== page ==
As a result of mobile banking, Kenya’s financial inclusion rates have increased dramatically – but this success may not be easily replicated in other developing countries.
This is one of the findings from research by the Swift Institute in partnership with the Harvard Kennedy School, “A Quantum Leap over High Hurdles to Financial Inclusion: The Mobile Banking Revolution in Kenya”, that focuses on sub-Saharan Africa through the lens of Kenya.
Author of the study, Dr Jay Rosengard, director of the Mossavar-Rahmani Center for Business and Government’s Financial Sector Program at Harvard Kennedy School, says: “With this research we aimed to understand the real impact of technological and business model innovations on levels of financial inclusion and poverty reduction.
“The research analyses the impact of mobile banking because this technology holds the greatest promise in overcoming geographic, demographic and institutional constraints to financial inclusion.”
Financial inclusion rates in Kenya are more than double those in other sub-Saharan countries. The transformation has been rapid: from 2006 to 2015 adults using formal financial services tripled, rising from 26,7% to 75,3%. Adults totally excluded from formal financial services dropped by more than half, falling from 41,3% to 17,4%.
The report shows how the mobile banking industry within Kenya has driven the country’s overall financial inclusion rates. In 2014, 58,4% of all adults had a mobile account and approximately 90% of all senders and recipients of domestic remittances used a mobile phone.
The primary driver of change has been the extraordinary success since 2007 of Safaricom’s M-PESA. However, Rosengard identifies several unique factors that explain M-PESA’s success. These include Kenya’s political and economic context, demographics, telecommunications sector structure, a lack of affordable consumer choice and enabling regulatory policies.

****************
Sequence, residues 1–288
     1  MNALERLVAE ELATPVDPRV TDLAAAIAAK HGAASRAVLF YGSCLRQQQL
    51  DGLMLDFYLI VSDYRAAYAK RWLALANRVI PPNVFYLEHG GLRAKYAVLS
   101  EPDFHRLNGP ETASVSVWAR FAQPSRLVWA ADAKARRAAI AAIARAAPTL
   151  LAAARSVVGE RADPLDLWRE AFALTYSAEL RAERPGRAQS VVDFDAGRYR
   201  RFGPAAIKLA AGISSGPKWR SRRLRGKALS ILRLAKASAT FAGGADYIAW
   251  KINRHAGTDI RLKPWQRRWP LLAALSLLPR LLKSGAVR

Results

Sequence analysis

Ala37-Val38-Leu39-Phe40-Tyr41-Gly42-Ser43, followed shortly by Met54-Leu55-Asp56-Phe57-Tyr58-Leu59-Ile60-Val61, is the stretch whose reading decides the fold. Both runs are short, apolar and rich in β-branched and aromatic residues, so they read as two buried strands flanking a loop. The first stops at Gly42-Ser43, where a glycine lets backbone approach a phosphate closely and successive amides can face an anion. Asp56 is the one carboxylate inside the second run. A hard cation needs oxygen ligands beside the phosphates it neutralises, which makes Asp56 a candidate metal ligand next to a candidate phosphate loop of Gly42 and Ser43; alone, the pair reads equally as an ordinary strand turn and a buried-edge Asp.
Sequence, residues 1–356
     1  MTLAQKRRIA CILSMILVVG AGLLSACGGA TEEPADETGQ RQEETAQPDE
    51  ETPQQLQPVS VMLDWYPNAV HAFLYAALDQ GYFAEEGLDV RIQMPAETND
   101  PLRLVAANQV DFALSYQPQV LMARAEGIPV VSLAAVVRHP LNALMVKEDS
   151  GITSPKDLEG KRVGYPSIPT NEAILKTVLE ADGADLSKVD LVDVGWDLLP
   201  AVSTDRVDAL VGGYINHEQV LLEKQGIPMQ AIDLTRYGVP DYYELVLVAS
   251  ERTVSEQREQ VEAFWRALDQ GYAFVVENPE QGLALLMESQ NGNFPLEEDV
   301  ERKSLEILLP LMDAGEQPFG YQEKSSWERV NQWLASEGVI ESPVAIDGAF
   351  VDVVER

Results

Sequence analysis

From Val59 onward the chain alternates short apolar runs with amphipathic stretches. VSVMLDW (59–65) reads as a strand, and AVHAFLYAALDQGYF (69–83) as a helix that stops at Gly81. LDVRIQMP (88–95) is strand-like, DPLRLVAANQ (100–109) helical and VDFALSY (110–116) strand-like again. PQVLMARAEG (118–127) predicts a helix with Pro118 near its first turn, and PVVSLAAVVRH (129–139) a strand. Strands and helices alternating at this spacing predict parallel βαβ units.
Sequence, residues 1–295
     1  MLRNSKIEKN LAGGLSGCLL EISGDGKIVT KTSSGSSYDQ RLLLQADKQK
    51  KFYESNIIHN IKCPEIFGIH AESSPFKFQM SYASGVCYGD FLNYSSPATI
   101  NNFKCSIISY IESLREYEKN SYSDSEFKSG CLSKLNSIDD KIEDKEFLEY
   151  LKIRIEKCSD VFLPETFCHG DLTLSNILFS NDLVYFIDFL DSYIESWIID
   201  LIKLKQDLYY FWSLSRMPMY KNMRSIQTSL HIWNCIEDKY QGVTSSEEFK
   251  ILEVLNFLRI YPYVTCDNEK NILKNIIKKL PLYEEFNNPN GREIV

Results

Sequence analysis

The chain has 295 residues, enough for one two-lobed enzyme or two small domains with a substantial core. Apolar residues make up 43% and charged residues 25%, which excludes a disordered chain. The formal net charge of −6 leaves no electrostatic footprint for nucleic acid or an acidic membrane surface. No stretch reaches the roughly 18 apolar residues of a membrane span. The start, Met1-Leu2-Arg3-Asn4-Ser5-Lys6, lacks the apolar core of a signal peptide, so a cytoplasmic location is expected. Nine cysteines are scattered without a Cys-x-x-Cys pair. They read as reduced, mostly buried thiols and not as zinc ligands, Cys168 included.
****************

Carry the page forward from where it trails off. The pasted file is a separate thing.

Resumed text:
The report highlights that these combined with Safaricom’s internal astute management and marketing of M-PESA created a unique environment.
“Since no two countries are exactly the same, it would be ill-advised to suggest that Kenya’s strategy for increasing financial inclusion simply can be transplanted to another country,” says Rosengard. “M-PESA’s success in Tanzania and failure in South Africa are vivid demonstrations of these replication principles.
“However, where Kenya’s success factors might be present, albeit perhaps in a different form, many of Kenya’s lessons can be adapted. Where conditions are significantly different, the challenge will become how best to nurture home-grown innovative solutions to address specific local constraints.”
The report aims to assist additional markets on the African continent in developing their own financial inclusion programmes based on Kenya’s experience.